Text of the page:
What I Wish People Knew About ADHD

Since being diagnosed with ADHD in March 2021, shortly after my 41st birthday, I have come to realize that many of my behaviors are connected to ADHD. This revelation has led me to think about things I wish people knew about ADHD – things that I find fascinating and that might explain some of my puzzling actions throughout the years. As I continue to learn about the disorder, I am witnessing firsthand how it manifests in me depending on the time of day, month, year, and the quality of my sleep. With so much to share, I have compiled a list of these things, as there is no single theme to focus on.

One thing I wish people knew is that my tendency to interrupt is not because I don't care about what they're saying, but rather because I am intensely interested in our conversation. Additionally, I want others to understand that even high-achieving individuals with ADHD are impacted by their symptoms on a daily basis. How I spend my time does not necessarily reflect my priorities. For example, I may end up running late for a long-awaited reunion with friends because I got caught up in low-priority tasks before the mounting stress of impending deadlines forced me to refocus.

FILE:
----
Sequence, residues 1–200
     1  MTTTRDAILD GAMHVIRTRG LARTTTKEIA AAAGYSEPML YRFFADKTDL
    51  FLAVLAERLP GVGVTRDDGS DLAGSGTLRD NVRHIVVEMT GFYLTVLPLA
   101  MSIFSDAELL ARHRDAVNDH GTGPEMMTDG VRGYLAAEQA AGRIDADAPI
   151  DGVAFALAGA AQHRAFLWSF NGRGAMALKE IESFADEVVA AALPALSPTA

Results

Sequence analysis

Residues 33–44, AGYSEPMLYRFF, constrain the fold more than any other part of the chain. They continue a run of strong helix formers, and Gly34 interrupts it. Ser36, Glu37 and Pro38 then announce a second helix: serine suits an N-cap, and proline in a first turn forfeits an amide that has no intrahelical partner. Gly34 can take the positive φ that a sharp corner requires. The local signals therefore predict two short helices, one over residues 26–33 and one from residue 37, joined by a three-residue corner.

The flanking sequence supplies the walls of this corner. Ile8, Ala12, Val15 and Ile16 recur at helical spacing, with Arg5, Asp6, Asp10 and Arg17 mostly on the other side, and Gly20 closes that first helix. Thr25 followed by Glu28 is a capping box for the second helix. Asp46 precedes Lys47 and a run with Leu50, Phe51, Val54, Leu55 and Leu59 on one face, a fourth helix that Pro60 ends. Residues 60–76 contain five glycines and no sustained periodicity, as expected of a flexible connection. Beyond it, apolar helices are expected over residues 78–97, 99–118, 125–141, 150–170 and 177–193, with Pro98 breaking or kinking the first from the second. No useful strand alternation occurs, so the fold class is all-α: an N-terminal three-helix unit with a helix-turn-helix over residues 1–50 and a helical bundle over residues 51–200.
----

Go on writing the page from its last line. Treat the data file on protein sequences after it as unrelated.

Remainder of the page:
It is important for others to know that procrastination is not a choice for me and it is detrimental to my mental health. Despite meeting deadlines and goals, it always generates anxiety. Another aspect of ADHD that goes unrecognized is the many masking behaviors I have developed over the years. Even though someone familiar with the disorder kindly suggested that I fit the textbook definition of ADHD, I dismissed the idea because I had become so skilled at masking my symptoms.

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Furthermore, the seemingly contradictory trait of hyper-focus that many individuals with ADHD possess can often feel like being chained to whatever has captured our attention. It differs from the uplifting experience of flow and instead makes it feel impossible to do anything else until we break free from it. This can result in hours passing by without eating, drinking, or taking a break, as we continuously tell ourselves that we will do one more thing or work for one more minute before stopping.

Shaking my foot or tapping my pencil should not be interpreted as impatience or boredom. These actions do not reflect my state of mind and are simply a part of my ADHD.

Additionally, self-esteem issues are common among those with ADHD. It is a constant confusion for us why our highly creative and quick-thinking minds do not produce or create more. These complex feelings add another layer of difficulty to managing the disorder.

The above points only scratch the surface of the factors currently affecting me. I encourage everyone to take a few moments to jot down what they wish others knew about ADHD. Even if you never share the list publicly, it can offer a new perspective on how your brain works. Revisiting the list later may reveal how your concerns change based on your circumstances, the time of year, and your mood.